CDs / DVDs, 28. November 2003
5 Sterne (höchste Wertung)

I bought this with my fingers crossed, - unreviewed, a live recording (not my usual cup of tea), Holland's third orchestra and a relatively (internationally) unknown conductor. My fingers are now uncrossed, - this is a "bit of a find", - an excellent, exciting performance captured in splendid sound.
I've long thought that this work has been distorted by association with Mann's Novella and Visconti's film of "Death in Venice" and as a result has been over-adagified (listen to Abbado's Chicago recording to hear what I mean). But when he wrote this (in the Austrian countryside, nowhere near Venice) Mahler was at about the happiest point in his life, - 42 and just met Alma, and before the tragedies immortalised in the Sixth. And, although it's "in C minor" the 5th works towards an optimistic, blazing, D major ending.

So it's terrific to hear Haenchen and his players present a vigorous, virile performance which strips some 8 minutes off Barbirolli and Bernstein (the VPO version), including a minute off the Adagietto. I still love the Barbirolli - nobody does dark radiance and sheer humanity better - and although I've owned the first Bernstein and the Philips' Haitink my other favourite is the second Bernstein, with the Vienna Philharmonic, who have this work in their blood and whose strings are simply the crème de la crème (as Miss Jean Brodie would have said). Sadly, my copy has been languishing in a box in a shed in Alice Springs for the past three years (while the Barbirolli has kept me company) but my memories of it are strong

If, in the final analysis, Haenchen's account, in striving to be scrupulously clean and whole, ends up lacking some of that visceral punch, the "wow" that Bernstein delivers, he is still exciting and involving (but objective at the same time, - a difficult balancing act, reminding me a little of Haitink).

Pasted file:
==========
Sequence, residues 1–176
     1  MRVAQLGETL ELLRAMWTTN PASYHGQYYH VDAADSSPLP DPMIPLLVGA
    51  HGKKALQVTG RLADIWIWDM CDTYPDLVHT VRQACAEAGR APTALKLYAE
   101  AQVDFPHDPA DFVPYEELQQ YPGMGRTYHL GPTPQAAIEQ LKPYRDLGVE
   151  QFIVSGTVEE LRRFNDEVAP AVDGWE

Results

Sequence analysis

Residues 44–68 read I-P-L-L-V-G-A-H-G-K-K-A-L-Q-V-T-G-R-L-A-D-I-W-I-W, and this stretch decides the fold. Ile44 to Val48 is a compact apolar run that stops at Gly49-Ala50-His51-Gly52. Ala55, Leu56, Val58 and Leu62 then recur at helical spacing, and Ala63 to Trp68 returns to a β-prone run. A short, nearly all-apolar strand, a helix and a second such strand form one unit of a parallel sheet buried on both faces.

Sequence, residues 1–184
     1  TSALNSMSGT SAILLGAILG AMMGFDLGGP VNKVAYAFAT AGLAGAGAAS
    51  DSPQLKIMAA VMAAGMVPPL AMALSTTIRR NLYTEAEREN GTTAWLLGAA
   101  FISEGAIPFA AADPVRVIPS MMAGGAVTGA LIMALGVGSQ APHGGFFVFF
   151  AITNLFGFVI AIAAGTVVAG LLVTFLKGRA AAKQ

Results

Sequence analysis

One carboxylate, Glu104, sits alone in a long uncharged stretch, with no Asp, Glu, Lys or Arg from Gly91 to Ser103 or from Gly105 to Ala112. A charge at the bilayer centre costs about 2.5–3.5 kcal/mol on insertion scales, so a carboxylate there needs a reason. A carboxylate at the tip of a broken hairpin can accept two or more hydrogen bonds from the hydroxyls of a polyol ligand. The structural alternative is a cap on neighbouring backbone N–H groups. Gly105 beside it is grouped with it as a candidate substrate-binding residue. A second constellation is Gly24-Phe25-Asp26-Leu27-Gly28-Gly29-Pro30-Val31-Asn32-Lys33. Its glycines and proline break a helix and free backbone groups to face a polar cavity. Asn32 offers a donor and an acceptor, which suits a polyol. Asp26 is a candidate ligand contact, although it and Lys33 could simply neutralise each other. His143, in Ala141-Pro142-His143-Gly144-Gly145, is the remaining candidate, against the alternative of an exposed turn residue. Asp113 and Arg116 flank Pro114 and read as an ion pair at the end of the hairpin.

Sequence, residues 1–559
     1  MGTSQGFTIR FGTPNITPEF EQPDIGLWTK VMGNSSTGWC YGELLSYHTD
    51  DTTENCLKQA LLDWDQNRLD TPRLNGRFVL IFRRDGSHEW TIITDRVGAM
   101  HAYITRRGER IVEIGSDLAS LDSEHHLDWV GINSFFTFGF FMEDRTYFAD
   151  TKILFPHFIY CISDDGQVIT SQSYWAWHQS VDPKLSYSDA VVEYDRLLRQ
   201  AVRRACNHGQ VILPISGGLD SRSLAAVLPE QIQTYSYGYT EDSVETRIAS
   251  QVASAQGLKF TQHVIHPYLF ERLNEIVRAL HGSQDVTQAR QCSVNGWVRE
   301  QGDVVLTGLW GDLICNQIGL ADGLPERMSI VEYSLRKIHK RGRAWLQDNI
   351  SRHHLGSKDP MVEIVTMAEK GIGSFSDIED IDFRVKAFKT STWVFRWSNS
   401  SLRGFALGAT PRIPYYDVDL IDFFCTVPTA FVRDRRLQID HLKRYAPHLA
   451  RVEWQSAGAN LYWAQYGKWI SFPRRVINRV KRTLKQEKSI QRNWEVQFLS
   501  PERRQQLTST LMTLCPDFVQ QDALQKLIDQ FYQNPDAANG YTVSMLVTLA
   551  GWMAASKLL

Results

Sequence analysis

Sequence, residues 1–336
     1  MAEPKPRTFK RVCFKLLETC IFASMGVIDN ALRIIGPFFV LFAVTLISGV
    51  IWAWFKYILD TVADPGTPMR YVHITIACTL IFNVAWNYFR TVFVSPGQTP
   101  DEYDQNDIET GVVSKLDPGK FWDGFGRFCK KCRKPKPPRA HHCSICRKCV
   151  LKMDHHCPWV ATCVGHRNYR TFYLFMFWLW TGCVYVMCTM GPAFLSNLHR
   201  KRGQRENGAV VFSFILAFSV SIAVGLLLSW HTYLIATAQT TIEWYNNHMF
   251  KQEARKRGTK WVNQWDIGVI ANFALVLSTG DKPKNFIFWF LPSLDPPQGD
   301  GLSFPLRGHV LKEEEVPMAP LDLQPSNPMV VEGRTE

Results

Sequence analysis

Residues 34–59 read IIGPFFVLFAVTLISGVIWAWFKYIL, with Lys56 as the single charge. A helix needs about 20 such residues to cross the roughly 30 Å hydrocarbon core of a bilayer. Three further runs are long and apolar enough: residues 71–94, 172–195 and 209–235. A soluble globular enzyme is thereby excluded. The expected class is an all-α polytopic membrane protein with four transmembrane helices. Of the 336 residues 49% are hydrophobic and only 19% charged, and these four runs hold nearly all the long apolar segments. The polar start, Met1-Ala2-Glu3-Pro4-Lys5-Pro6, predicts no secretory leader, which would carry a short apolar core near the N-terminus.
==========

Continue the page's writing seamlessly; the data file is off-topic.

The sound supports the performance gloriously. It was recorded using Polyhemia's (i.e. Pentatone's) custom-designed and built recorder, microphone pre-amps and mic. buffer electronics with DPA 4006 and Neumann KM 130 mics routed directly into a DCS DSD AD converter and a Studer 962 mixer. The result is bloody good. The soundstage is wide and realistic, the sound itself warm but clear and, although I (only) listen in stereo, the acoustic is captured brilliantly. At one point there's a door-noise in the hall and even on two speakers you can place it as being behind you, at the right and the rear of the hall. My guess is that the surround mix will be superb.

The sound makes the Netherlands strings sound as present as the Viennese (no mean compliment). Kettle drum and other percussion and clear and sharp but also deep and thunderous. At times the brass seemed a bit reticent, but you gradually notice that that is always when they need to maintain a proportionate relationship with the strings. When needed, as in the glorious chorale like peroration that closes the Symphony, they sound brilliant and bold.

A minor complaint is that whilst the instantaneous applause is well-deserved (for the performance, - just attention seeking for some audience members) I would have preferred a second or two's (sampled) silence to be inserted to allow me to let out my breath and relax (like a stunned mullet) before it came in and I joined in.

And another note of irritation, - this is a performance which strips away the externally-imposed distortions of Mann's and Visconti's Venetian associations so why the hell did the cover-artists have to go and plaster the case and booklet with pictures of bloody Venice ???!!!! Zero stars for artistic comprehension and marketing to the graphics boys.

But, with an excellent reading as well as a fine performance with great sound, five stars to Haenchen and the Netherlands Orchestraand to producer/engineer Erdo Groot. Not 5 stars with an "extra-special something" Rosette, like the Bernstein, but a very good disc in its own right.

P. SIMPSON (North Yorkshire, United Kingdom)